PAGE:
Defending Darwin in Kentucky

EvolutionSource: James Krupa in Orion Magazine, Painting by Alexis Rockman.

I’m often asked what I do for a living. My answer, that I am a professor at the University of Kentucky, inevitably prompts a second question: “What do you teach?” Responding to such a question should be easy and invite polite conversation, but I usually brace for a negative reaction. At least half the time the person flinches with disapproval when I answer “evolution,” and often the conversation simply terminates once the “e-word” has been spoken. Occasionally, someone will retort: “But there is no evidence for evolution.” Or insist: “It’s just a theory, so why teach it?”…

We live in a nation where public acceptance of evolution is the second lowest of 34 developed countries, just ahead of Turkey. Roughly half of Americans reject some aspect of evolution, believe the earth is less than 10,000 years old, and that humans coexisted with dinosaurs. Where I live, many believe evolution to be synonymous with atheism, and there are those who strongly feel I am teaching heresy to thousands of students. A local pastor, whom I’ve never met, wrote an article in The University Christian complaining that, not only was I teaching evolution and ignoring creationism, I was teaching it as a non-Christian, alternative religion….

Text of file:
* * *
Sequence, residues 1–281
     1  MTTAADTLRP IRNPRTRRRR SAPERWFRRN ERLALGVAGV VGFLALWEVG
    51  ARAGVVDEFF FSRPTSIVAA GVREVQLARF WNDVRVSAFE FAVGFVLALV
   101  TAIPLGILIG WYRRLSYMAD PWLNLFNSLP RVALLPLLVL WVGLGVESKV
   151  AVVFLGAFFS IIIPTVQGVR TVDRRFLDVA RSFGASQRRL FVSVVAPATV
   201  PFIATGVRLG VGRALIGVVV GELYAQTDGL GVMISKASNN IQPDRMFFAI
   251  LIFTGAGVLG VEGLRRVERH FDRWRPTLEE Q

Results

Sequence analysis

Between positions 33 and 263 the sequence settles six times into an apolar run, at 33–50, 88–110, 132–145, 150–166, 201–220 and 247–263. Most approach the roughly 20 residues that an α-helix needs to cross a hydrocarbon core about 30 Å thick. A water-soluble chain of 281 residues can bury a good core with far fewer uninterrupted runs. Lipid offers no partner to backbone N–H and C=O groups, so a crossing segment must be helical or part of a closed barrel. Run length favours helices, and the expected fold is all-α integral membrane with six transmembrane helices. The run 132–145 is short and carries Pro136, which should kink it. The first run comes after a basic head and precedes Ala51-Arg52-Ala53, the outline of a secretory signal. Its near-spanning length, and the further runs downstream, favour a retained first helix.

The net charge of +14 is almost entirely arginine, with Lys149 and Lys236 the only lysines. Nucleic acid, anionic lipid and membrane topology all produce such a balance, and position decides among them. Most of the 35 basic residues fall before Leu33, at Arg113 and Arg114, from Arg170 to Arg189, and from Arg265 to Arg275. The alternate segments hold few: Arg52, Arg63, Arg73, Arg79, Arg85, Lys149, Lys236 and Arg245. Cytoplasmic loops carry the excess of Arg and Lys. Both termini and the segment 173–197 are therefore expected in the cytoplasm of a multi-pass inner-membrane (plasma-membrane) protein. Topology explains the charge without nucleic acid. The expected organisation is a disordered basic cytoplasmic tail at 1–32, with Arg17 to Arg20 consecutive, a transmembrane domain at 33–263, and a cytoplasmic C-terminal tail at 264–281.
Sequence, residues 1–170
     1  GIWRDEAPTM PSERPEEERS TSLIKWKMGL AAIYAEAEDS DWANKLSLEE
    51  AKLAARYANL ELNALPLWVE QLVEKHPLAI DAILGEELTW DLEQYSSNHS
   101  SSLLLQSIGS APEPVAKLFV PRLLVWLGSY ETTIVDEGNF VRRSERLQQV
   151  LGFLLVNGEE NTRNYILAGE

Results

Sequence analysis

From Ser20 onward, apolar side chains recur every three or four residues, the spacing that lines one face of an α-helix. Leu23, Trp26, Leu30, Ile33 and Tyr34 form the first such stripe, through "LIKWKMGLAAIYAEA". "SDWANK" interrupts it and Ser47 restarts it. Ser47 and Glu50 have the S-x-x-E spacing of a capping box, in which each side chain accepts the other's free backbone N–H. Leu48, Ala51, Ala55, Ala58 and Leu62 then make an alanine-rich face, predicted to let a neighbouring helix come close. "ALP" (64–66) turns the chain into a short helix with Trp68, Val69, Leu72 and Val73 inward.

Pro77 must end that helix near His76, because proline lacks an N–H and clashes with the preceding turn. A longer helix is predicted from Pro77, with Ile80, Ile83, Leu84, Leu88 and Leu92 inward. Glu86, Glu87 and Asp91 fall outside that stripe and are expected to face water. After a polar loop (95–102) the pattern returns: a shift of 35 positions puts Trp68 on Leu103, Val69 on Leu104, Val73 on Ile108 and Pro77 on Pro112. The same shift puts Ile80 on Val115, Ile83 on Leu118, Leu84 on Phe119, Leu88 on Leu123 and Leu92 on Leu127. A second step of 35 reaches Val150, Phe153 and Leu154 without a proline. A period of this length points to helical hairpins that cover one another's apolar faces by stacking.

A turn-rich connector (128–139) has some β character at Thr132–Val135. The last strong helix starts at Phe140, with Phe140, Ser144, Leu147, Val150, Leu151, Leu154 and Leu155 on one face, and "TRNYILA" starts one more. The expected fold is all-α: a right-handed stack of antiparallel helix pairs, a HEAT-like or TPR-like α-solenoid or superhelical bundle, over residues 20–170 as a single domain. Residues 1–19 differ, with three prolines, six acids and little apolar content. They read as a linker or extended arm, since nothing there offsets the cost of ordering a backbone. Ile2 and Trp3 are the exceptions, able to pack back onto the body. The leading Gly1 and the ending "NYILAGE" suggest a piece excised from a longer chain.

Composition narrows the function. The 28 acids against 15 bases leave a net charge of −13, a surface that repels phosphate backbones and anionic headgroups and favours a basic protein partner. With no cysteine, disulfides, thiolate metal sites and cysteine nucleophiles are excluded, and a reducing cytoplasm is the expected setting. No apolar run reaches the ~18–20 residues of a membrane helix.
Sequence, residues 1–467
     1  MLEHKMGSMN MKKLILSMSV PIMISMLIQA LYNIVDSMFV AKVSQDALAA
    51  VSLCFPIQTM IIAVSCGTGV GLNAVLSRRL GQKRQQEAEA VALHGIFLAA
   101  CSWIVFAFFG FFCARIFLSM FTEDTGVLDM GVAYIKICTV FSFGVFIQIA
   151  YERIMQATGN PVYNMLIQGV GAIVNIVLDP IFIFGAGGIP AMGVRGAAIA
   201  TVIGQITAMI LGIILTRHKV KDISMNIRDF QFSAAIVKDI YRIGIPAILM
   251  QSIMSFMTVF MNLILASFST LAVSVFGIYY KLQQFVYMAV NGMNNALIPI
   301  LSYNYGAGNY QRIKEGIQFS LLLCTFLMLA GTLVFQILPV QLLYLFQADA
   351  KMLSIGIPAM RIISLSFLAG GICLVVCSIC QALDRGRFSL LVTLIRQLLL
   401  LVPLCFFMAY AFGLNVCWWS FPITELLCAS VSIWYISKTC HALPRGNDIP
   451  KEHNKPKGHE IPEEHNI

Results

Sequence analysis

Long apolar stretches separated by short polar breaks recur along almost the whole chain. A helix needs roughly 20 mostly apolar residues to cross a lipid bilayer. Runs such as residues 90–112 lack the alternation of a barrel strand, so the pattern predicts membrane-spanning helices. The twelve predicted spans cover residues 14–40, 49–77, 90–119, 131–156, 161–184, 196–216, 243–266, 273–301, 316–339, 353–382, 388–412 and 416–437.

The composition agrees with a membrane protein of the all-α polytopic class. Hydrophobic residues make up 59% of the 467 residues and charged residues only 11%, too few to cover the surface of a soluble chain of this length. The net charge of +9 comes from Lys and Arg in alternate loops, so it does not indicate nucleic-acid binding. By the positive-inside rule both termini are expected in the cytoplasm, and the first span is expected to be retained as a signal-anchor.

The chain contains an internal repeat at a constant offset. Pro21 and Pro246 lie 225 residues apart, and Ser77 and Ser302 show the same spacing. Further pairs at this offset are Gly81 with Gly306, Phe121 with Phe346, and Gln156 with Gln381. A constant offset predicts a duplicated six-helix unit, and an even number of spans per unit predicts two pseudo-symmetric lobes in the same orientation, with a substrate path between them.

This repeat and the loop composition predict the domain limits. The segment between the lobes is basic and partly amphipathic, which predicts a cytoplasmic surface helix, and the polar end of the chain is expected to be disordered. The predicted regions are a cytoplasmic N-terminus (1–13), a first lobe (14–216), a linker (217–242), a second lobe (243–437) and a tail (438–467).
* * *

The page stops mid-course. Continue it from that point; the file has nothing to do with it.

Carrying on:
5 responses to “Defending Darwin in Kentucky

  1. If the teaching of evolution is permitted in university who knows where it might lead. What next: gay marriage? Equal pay for women? An NDP government in Alberta?

  2. Fred Blair

    Oh dear, oh dear…some days it just seems hopeless…

    Then again, consider Alberta this morning.

  3. That’s the bad news. The good news is that the state is the home of the Derby and mint juleps.

  4. Michael Gundy

    As a practising Christian, I see no conflict with believing in evolution, chaos theory, the scientific method, etc and the great mystery of God.

  5. The bright aspect of this article is that the University of Kentucky allows James Krupa to teach evolution to the students.